Common Says "Nobody's Smiling" Speaks To Violence In Chicago

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Common Says "Nobody's Smiling" Speaks To Violence In Chicago

Common talks about the violence in Chicago and says he believes it's worse now than it was when he was a teenager.

Common is slated to release his 10th studio album Nobody's Smiling later this month and has been rounding the press circuit accordingly.

Recently sitting down with Vlad TV, the Chicago native talked about Nobody's Smiling and that he's excited to put it out, explaining that you're only as good as the last work you release.

In the process of conducting the interview, DJ Vlad told Common he had interviewed Chief Keef's cousin and Interscope signee Big Glo just days before he was murdered in Chicago. Common responded by saying that his next album embodies the tragedies of Chiraq and hopes it teaches those who want to follow their dreams just like he was able to.

"That's why I'm making Nobody's Smiling, that's why it's not just the music, but the movement of the fact that man I'm not happy, I'm from Chicago," Common said. "I'm not happy we losing people... people getting shot over things that ain't even necessary. I can't even act like I know every situation, why it happens, but some of it... it's become part of... a way of life. People don't value life as much as we can, as much as we should. When I hear about people dying it's just like man, what do I have to do to change it. There's people out in the field right now doing grassroots movements that work everyday towards stopping violence in Chicago and all around the country but I'm like, 'This is where I'm from, I've been blessed enough to chase my dream, go after my dream and I want to provide the same for people where I come from."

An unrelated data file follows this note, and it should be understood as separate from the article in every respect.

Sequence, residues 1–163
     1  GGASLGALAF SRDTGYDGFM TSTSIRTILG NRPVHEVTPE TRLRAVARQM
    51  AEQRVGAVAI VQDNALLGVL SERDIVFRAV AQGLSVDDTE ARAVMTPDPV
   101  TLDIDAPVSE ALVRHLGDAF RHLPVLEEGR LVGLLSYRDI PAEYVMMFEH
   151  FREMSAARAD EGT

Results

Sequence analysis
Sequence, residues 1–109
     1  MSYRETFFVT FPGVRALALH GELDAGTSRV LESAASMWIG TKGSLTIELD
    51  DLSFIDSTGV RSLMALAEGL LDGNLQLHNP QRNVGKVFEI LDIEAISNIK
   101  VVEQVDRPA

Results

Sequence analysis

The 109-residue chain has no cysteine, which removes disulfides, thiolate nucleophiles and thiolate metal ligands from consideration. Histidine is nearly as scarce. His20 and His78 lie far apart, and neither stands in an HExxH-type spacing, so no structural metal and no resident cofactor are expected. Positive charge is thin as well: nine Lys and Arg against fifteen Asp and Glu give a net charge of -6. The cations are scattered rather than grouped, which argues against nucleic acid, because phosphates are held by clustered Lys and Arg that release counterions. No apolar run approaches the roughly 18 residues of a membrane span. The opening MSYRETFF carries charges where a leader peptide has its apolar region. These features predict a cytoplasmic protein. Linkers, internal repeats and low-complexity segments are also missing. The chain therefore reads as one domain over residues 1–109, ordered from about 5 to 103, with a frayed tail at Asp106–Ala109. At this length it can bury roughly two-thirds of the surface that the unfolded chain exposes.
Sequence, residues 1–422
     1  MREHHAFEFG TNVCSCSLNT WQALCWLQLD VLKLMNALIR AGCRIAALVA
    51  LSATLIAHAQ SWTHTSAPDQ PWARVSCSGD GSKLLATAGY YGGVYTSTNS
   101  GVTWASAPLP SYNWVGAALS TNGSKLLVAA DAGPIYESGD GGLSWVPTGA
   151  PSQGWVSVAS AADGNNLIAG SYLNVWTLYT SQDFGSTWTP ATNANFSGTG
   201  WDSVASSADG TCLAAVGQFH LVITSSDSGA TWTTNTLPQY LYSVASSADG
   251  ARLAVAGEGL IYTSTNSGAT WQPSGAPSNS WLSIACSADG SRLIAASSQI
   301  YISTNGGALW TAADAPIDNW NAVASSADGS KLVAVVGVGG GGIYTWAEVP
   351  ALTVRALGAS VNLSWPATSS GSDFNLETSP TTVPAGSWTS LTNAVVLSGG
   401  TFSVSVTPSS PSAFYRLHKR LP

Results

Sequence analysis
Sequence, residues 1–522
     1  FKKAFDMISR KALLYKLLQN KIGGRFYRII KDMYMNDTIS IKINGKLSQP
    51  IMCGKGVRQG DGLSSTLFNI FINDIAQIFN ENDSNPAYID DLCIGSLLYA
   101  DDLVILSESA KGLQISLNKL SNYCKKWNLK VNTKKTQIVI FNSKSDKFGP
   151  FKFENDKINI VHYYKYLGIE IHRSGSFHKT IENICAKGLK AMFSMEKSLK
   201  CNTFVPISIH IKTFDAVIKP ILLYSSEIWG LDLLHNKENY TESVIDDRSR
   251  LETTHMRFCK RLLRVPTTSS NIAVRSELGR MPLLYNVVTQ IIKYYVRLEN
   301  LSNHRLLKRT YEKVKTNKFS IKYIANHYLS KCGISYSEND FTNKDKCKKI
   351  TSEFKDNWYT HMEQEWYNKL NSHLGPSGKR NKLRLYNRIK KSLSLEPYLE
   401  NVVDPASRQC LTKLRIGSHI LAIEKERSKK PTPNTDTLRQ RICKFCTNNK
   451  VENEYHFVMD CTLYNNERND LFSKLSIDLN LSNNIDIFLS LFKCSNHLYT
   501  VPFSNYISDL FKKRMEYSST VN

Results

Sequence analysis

Common was also asked if he thought the violence in Chicago was less, the same or worse than when he was a teenager. He said he believes it's worse via the senselessness and involvement of much younger people.

"I think it's worse," he said. "You know I've heard some statistics that said that there were more murders when we were coming up in the late 80s/early 90s, I find that hard to believe. The statistics are bad no matter what. When you can say there's been 421 people murdered in one year in a city, that just don't like, whether you had more people [killed] back in the 80s and that was that time, it shouldn't happen now. Things have gotten out of order in a way that it's really like there ain't as much order in the hood as it used to be. It used to be Gs running certain things and the younger generation took heed or just followed a certain order.

"When you hear about little kids getting shot by other little kids. I'm talking about a 3-year old. I was home one weekend, doing a benefit for my foundation, 13 people got shot and one was a little kid so with that being said, when you hear about that, that wasn't going on when I was growing up."

Common also recently talked about Maya Angelou's passing and shared some of his fondest memories of her. He also remembered stories about her relationship with Tupac and how he himself met the late writer, building a relationship with her.

Watch the full Vlad TV interview segment below:

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